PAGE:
A LUSU boycott will merely look as though people from all over the world wish harm on the Israeli people, it is a wild stab in the dark at a population who already feels ostracised on the world stage, and would silence the progressive and peaceful elements of the internal discussion.
Israel today is already a violent place, with attacks happening daily against both sides. Boycotts cut us off and tell Israelis that the world has turned against them, which in the current context is not only irresponsible but morally indefensible. By voting yes it may be partaking in escalating violence and mistrust in the world’s most protracted conflict.
We must take the power away from them by refusing a boycott and showing the Israeli people that they are an important and equal partner in our collective journey towards a peaceful solution. We must not provide more reason for their government to crush Palestinians under the guise of protecting Israelis from a world that has abandoned them. By voting to oppose this measure, we can play our modest part in ensuring the Israeli population that they are not alone, and that we stand with both them and the Palestinians in peace and dignity.
This is not a black and white issue
Ultimately, the situation in Israel and Palestine is more complex than this black and white imagery provided by the BDS campaign. While no one on either side will argue that Israel is an entirely benevolent force, we should neither argue that about the Palestinian side. In choosing to boycott Israel, we will effectively be siding with the state that would torture those who speak out against Abbas, that condemns homosexuality, where media freedoms are oppressed by the Palestinian Security Forces more than by the Israeli ones.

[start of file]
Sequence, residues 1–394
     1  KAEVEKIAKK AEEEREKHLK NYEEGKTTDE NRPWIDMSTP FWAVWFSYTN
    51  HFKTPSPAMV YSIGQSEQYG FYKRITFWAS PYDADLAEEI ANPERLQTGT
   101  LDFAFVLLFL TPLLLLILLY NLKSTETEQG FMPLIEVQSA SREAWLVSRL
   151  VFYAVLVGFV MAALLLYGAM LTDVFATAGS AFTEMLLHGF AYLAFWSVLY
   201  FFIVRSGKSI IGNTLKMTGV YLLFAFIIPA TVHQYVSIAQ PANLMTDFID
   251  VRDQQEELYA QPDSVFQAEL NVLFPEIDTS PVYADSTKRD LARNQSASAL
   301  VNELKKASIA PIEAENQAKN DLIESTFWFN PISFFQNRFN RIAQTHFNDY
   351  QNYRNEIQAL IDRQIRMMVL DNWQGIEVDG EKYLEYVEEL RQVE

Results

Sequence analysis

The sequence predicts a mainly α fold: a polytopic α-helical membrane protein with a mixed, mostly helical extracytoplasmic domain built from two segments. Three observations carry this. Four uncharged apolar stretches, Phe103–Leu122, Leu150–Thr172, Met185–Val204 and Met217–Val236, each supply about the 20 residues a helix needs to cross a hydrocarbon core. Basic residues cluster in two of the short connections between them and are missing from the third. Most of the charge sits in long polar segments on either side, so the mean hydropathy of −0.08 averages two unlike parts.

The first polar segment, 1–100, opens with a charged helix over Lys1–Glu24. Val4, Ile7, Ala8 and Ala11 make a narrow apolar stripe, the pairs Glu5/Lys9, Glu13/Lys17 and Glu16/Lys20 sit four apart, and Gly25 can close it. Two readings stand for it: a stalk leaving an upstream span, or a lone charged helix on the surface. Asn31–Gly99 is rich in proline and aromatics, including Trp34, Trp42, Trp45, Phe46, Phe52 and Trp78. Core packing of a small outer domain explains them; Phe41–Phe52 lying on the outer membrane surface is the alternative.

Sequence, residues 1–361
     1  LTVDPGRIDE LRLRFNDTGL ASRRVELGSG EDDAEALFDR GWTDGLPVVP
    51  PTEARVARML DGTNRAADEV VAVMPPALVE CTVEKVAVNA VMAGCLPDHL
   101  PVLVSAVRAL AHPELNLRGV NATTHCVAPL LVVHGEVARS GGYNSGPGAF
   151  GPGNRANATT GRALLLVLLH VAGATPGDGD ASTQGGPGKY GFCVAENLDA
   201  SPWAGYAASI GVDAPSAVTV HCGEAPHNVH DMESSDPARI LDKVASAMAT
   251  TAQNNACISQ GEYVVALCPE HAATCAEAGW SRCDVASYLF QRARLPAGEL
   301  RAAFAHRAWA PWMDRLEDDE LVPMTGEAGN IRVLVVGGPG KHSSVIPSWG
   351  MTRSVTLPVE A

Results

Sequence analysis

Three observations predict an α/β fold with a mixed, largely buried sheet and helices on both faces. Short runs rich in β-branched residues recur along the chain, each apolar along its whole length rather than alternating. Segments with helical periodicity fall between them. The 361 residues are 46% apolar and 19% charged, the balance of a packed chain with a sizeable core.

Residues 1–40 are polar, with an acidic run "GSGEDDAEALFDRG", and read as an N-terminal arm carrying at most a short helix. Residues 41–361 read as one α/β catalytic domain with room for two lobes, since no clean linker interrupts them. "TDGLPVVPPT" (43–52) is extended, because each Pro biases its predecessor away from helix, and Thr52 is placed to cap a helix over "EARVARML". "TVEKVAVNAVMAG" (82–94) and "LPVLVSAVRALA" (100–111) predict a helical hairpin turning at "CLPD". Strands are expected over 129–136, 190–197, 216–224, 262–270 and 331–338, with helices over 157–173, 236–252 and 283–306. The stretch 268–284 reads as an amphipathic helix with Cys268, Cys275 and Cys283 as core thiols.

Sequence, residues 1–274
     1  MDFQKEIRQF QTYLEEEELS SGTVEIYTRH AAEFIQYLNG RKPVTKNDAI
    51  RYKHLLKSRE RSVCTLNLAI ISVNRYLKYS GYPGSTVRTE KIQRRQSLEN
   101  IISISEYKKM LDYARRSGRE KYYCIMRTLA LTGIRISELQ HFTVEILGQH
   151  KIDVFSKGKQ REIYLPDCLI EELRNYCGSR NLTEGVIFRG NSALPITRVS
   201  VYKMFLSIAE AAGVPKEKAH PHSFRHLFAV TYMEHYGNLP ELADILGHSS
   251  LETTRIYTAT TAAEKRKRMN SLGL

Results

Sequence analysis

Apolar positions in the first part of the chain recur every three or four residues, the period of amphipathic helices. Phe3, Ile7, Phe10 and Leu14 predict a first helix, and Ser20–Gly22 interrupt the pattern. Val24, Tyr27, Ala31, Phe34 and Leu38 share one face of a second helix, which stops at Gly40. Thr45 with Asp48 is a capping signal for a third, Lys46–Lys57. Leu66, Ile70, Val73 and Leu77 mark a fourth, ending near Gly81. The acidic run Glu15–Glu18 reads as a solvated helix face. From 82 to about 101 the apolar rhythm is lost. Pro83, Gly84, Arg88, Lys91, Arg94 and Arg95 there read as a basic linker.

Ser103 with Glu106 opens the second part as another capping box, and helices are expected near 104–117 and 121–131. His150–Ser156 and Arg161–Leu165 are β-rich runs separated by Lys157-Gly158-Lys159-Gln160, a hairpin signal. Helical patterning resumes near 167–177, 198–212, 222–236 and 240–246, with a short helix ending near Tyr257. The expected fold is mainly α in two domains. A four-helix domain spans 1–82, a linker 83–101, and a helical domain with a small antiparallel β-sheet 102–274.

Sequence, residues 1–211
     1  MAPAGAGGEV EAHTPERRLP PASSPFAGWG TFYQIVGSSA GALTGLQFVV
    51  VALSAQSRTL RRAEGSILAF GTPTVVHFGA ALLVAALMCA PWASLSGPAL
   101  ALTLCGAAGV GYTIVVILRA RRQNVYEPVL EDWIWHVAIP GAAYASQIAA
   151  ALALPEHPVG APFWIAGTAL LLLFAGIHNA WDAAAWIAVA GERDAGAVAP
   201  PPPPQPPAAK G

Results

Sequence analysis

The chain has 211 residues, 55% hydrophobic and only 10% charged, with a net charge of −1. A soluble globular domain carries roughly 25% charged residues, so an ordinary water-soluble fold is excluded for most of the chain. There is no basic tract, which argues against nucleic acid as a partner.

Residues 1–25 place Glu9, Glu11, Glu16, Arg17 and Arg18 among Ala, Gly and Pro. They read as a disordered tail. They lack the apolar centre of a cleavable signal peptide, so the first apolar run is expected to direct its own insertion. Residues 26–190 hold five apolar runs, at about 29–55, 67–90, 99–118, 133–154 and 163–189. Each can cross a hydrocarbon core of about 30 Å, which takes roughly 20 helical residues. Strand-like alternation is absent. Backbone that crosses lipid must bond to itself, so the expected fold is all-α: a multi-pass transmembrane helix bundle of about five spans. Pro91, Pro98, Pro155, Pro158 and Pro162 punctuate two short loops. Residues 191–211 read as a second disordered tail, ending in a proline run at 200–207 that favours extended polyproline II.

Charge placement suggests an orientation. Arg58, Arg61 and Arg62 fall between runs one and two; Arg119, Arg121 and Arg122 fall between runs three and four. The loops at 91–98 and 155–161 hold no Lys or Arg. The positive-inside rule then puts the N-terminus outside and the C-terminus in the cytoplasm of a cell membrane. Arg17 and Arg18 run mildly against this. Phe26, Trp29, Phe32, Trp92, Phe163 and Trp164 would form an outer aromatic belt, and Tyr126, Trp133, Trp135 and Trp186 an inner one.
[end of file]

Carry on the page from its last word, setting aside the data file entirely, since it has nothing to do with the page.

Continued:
There are also a number of undeniably anti-Semitic laws in place as well – the death penalty awaits any Palestinian selling land or houses to Jewish people. We would be saying that a state which abducts its own people, tortures and intimidates them, and even assassinates them is preferable. As students in a nation that cares for human rights internationally, we cannot presume to attack Israel whilst excusing Palestinian oppression simply because of the occupation.
The road to peace is a long one but it must be travelled knowing all partners, exposing their best and worst traits. Only by doing this can all groups work together to create a happy and democratic future.
Create unity not division
And what will a policy of BDS by LUSU mean for us, the students? Well for most, it will be irrelevant to their lives. Many will likely continue without knowing it has happened, but for some it will be a cause of grief and worry. LUSU is here to protect the interests of all students, but we fail to see how boycotting Israel will achieve this.
We risk Jewish and Israeli students left feeling isolated and even worse untrusted, and this is a genuinely dangerous outcome of an ill-considered and self-congratulatory policy. The Union that has promised to watch out for the interests of all members will have just made a massive statement towards students of their nationality and their faith. At Lancaster we welcome people of all faiths, nationalities and identities, and our diversity is a matter of strength for us, but if we choose to boycott Israel no matter how good our intentions are, we send a message of division to a very specific group of people. This must be avoided at all costs.
The students of Lancaster University must make an important choice. The referendum concerning the Boycott, Divestment and Sanctions movement must be taken seriously. While it will likely not affect the daily lives of many of us, there are those members of our university who harbour genuine concern over this vote.
I would rather vote for a united campus, one that doesn’t force our students to engage in a political debate that they wish to avoid or that marginalises them, one that doesn’t oversimplify one of the most complex issues in our world. When the polls open between Wednesday and Friday this week, it must be approached with all students in mind.